Working primarily in 16mm and Super 8mm film, experimental Seattle filmmaker Linda Fenstermaker explores the interactions and relationships between body and landscape while discovering new avenues for female perspectives. Tonight she will be on hand to present a selection of her work, including Abandoned Generations (2015, 10 mins.), which, told through the perspective of a 1940s female farmer, juxtaposes daily life against modern society’s distance from the Earth from which it came; Erased Etchings (2017, 9 mins.), in which the essence of four Seattle homes slated to be demolished are captured on celluloid, providing a record of that which no longer exists; and Partial (2016, 6.5 mins.), which uses in-camera layering techniques and hand-processing aesthetics to expose the separation between human self and natural landscape.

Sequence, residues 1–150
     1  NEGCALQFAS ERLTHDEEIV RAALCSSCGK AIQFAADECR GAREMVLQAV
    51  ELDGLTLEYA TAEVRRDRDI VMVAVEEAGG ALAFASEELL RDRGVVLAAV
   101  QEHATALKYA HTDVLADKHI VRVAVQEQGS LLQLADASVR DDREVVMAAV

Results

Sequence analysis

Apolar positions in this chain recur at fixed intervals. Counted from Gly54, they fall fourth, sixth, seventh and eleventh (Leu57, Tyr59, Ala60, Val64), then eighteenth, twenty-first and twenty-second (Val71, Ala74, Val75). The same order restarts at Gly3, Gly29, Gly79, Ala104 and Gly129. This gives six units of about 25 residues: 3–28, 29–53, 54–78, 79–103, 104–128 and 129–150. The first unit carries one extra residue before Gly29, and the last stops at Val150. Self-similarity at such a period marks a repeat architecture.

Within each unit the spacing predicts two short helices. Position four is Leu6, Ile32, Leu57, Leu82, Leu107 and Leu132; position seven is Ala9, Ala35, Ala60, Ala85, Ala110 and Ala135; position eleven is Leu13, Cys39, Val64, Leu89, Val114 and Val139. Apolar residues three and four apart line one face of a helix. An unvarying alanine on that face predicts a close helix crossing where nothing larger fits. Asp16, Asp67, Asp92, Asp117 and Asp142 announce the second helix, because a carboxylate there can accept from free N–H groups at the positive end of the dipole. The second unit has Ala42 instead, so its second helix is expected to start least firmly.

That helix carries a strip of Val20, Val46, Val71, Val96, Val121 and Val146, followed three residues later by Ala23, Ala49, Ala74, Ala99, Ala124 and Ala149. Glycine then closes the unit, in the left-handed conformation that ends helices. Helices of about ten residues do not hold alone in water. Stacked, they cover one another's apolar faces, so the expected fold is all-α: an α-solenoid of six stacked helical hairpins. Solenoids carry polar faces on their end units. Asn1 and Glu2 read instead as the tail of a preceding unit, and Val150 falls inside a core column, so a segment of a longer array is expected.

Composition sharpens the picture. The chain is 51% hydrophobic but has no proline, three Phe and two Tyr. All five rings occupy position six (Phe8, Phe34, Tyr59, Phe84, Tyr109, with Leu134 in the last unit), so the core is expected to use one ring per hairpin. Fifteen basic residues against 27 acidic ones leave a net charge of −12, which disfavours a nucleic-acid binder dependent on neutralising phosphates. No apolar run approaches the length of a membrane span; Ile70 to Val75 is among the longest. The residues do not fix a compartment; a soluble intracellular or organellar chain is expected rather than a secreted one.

Appears in: Northwest Tracking June-August 2017
Other Films by Linda Fenstermaker
An exploration of our timeless relationship with the natural world as a young farmer entangles herself among the flowers, shot using in-camera double exposures.
Generations of a family’s commitment to its Pacific Northwest farmland are portrayed through a 1945 diary and the haunting reminiscences of its current inhabitant.